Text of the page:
For people living outside of Europe, France is the quintessential European country. It’s what most people picture the continent is like when they dream of having a holiday abroad. Well, many people on the mainland would agree. France is the country that has all the things that makes the continent brilliant. The marvelous architecture, the absolutely astonishing food, the love of music and theater and of course, the staggering natural beauty of the countryside. France is perhaps the most unique in the mainland concerning weather. In the South of France, you have glorious sunshine and plenty of heat. In Northern France you have regular drizzles and plenty of snow in the Alps. All this begs the question then, why isn’t the country considered as part of the Mediterranean? Italy, Spain, Greece and Portugal are the family of the Med. They have a seafood culture, coastal cities and a classical history in the Mediterranean Sea. So why does France not appear to have the same kind of relationship or history with this part of Europe even though geographically, it’s in the exact same location?
The undeniable symbol
The city of Paris, pronounced Pa-ree, is a massive symbol of not just the country but of Europe. We all know the iconic Eiffel Tower and it’s incredibly high structure, we all know about Notre-Dame the Medieval Catholic Cathedral and of course Arc De Triomphe. These are the structures that make the city what it is to many people around the world. To those that live within it’s boundaries, it’s also known as the city of lights. During the night, the city from top to bottom is lit up with street lights, shop windows, museum searchlights and office room lights in the many commercial offices. New York is known as the city that doesn’t sleep, but with all these lights the same can be said for Paris. Here you will also find that the weather is a little cold, and it’s common for the city to be drenched with a night time shower from the heavens. Some of the best restaurants in the entire world are situated right here in this 40 square mile area. With a population of around 12 million, almost every kind of talented and skilled professional under the sun is living here. Yet, the weather and the urbanization of the city is also a symbol of more western and northern European cultures. Can it be considered as part of a Mediterranean country? The short answer is no.
This is more like it
Well, we know that the capital doesn’t hold the answer to the question of whether or not France can be considered a Mediterranean nation. We can only go off to the southern coast to see if there is a change of culture. Montpellier is a southern central city and immediately when you enter you can see that this is more like it. You see, the thing about Mediterranean nations is that they have a lot of space in their cities, they don’t urbanize so rapidly and they try to keep them as they are because they offer tourists the chance to explore easily. As soon as you go into the city center you can see this because the pavements are wider than normal. They are also made of individual stones and bricks rather than tarmac or concrete. It’s just 10 kilometers from the coast, which means you get plenty of sun and sea breeze heading all throughout the streets.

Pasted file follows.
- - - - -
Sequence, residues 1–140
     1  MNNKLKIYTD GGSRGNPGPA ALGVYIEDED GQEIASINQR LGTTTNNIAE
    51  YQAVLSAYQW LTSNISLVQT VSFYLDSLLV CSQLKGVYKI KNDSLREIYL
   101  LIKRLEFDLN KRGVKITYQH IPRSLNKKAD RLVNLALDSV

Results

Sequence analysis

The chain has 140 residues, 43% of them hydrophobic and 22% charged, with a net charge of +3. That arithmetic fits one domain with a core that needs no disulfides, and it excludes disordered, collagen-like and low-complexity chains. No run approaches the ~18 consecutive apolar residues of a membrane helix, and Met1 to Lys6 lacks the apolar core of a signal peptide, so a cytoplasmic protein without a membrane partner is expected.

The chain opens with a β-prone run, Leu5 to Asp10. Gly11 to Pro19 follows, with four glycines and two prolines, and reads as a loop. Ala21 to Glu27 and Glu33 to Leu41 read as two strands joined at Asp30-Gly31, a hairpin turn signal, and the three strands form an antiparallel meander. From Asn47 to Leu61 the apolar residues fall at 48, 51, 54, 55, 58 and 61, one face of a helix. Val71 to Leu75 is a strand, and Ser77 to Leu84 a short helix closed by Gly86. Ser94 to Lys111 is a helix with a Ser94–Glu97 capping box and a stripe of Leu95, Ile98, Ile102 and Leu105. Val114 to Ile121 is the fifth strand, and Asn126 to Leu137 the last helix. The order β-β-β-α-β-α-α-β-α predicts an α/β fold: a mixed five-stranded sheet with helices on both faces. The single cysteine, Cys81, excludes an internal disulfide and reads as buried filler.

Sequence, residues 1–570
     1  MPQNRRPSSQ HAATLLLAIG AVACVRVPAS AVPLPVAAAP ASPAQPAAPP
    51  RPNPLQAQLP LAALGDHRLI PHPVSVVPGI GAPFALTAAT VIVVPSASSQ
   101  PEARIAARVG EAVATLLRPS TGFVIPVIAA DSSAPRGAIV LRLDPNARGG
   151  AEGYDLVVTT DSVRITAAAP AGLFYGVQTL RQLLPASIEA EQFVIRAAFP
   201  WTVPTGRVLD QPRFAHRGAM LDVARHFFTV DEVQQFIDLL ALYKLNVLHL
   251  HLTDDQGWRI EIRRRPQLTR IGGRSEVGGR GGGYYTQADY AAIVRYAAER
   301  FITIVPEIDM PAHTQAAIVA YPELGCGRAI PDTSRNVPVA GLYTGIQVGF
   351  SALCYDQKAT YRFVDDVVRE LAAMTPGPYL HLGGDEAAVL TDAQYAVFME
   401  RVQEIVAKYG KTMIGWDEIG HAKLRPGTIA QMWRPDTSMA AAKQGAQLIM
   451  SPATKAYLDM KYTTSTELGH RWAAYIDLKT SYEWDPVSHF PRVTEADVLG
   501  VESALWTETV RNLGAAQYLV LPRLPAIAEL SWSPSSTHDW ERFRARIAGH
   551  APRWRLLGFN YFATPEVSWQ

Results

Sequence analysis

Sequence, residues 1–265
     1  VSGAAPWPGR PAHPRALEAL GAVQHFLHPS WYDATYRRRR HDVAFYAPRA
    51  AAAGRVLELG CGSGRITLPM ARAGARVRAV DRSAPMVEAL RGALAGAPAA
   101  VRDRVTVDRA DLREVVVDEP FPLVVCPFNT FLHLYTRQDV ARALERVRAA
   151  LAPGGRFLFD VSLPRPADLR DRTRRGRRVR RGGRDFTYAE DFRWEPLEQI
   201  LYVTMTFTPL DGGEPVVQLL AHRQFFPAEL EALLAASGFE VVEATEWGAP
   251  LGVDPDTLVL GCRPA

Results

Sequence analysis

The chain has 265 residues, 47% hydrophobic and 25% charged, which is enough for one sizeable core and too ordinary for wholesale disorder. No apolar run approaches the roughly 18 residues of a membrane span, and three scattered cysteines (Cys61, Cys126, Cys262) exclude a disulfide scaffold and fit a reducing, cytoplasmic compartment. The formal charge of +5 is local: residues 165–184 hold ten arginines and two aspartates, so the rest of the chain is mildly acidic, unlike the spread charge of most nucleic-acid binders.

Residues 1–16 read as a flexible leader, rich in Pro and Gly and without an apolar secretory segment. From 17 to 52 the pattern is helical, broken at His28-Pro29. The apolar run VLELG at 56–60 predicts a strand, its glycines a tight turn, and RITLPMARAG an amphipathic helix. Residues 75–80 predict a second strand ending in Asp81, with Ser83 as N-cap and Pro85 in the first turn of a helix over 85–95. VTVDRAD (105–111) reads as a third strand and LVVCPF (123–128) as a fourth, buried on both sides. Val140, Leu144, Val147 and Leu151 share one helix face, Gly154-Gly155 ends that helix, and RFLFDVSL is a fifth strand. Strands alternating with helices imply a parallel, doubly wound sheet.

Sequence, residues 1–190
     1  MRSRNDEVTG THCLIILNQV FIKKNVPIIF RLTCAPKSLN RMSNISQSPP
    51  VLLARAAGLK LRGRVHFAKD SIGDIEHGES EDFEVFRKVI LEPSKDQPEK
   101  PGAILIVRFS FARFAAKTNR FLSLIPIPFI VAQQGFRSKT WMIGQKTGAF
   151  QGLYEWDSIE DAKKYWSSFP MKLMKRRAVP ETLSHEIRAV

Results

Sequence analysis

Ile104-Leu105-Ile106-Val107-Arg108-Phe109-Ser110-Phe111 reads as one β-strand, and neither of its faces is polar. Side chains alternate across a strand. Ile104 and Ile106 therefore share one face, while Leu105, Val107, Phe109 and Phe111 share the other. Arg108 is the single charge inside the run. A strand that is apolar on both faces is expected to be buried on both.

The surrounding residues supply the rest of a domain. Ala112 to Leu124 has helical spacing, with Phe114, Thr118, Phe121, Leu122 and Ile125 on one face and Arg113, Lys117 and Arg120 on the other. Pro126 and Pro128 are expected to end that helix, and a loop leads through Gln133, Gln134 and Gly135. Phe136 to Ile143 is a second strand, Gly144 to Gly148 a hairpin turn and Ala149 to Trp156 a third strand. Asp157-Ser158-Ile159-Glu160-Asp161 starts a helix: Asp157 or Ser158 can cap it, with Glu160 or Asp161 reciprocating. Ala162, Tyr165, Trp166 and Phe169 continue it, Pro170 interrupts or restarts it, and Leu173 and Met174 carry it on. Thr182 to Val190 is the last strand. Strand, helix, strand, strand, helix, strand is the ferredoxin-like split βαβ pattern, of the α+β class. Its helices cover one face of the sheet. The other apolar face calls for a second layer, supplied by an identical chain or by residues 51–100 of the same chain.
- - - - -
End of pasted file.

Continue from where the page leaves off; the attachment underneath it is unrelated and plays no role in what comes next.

If there’s one thing about any city that wants to be seen as Mediterranean, the food is the shining savior. What of Montpellier in this regard? Well there’s a restaurant called Le Pat’ Daniel’s which services incredible hearty food. Freshly baked bread, serviced with olive oil is coupled with pate served with scrambled eggs. They also have pork shoulders smothered in a rich tomato and red wine sauce. The usual pomme puree is served with a few herbs and salads if you so choose. It’s not quite traditional Mediterranean food, but it does have a slight twist of the Med.
The proof is in the water
Okay, so far France doesn’t look like it’s part of the Mediterranean family but there’s still hope. France has some of the most mesmerizing natural beauty in the entire continent. Take for example Verdon Gorge which looks like a Mediterranean paradise. The proof is so often in the water itself and you can see that the turquoise shade is more like something you would find off the coast of Spain. Without a doubt it’s one of the most beautiful travel destinations in all of southern France. Here you can canoe up and down the still waters, explore the coves that litter the entire gorge and if you feel like it, climb the rock faces that look down into the water. The most notable places are L’imbut and Pont Du Galetas if you want to explore at ground level. However there are public walkways you can explore also such as, Point Sublime, Point Du Sentier Blanc-Martel and the bridge that is Pont de Chauliere. If you go a little further inland, there are some white water rapids which you can take on if you feel like a challenge. On the eastern side, Verdon Gorge breaks out into Lac De Sainte-Croix. It has a cruise ship lane that goes all the way through. However, a stereotypical Mediterranean paradise wouldn’t be so far off from the coast. Verdon Gorge is actually separated from the coast by mountains and rocky cliffs. For this reason alone, it’s a little too far fetched to call this a great Mediterranean getaway.
No, France isn’t a part of the Mediterranean family but that doesn’t matter. It’s got the best of both worlds as it’s urban interiors, northern Alps and coastal cities in the south are in and of themselves. Besides we’ve already got plenty of Mediterranean options, France itself is quite a unique nation in all of mainland Europe. The city of lights still stands despite its history in the 20th century, it also has an incredible amount of people with all kinds of backgrounds. Montpellier is just 10 kilometers from the coast, yet the culture of the north is still present in the food. Thankfully, the architecture and the design of the city for pedestrians is true to the Med culture.